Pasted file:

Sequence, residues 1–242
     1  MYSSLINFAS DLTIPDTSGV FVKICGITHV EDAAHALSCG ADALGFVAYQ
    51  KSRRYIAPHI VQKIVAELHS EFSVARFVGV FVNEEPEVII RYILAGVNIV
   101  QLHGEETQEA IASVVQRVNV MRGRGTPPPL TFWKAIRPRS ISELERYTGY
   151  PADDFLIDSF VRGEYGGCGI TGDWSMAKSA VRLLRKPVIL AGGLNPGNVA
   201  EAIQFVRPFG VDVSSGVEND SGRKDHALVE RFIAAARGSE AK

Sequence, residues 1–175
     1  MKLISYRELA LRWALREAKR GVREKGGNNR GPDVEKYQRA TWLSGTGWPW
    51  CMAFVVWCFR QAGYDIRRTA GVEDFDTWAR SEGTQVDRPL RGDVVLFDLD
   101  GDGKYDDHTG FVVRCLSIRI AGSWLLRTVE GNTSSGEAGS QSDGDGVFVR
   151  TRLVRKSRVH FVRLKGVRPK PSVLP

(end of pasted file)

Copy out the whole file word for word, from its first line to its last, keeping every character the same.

Sequence, residues 1–242
     1  MYSSLINFAS DLTIPDTSGV FVKICGITHV EDAAHALSCG ADALGFVAYQ
    51  KSRRYIAPHI VQKIVAELHS EFSVARFVGV FVNEEPEVII RYILAGVNIV
   101  QLHGEETQEA IASVVQRVNV MRGRGTPPPL TFWKAIRPRS ISELERYTGY
   151  PADDFLIDSF VRGEYGGCGI TGDWSMAKSA VRLLRKPVIL AGGLNPGNVA
   201  EAIQFVRPFG VDVSSGVEND SGRKDHALVE RFIAAARGSE AK

Sequence, residues 1–175
     1  MKLISYRELA LRWALREAKR GVREKGGNNR GPDVEKYQRA TWLSGTGWPW
    51  CMAFVVWCFR QAGYDIRRTA GVEDFDTWAR SEGTQVDRPL RGDVVLFDLD
   101  GDGKYDDHTG FVVRCLSIRI AGSWLLRTVE GNTSSGEAGS QSDGDGVFVR
   151  TRLVRKSRVH FVRLKGVRPK PSVLP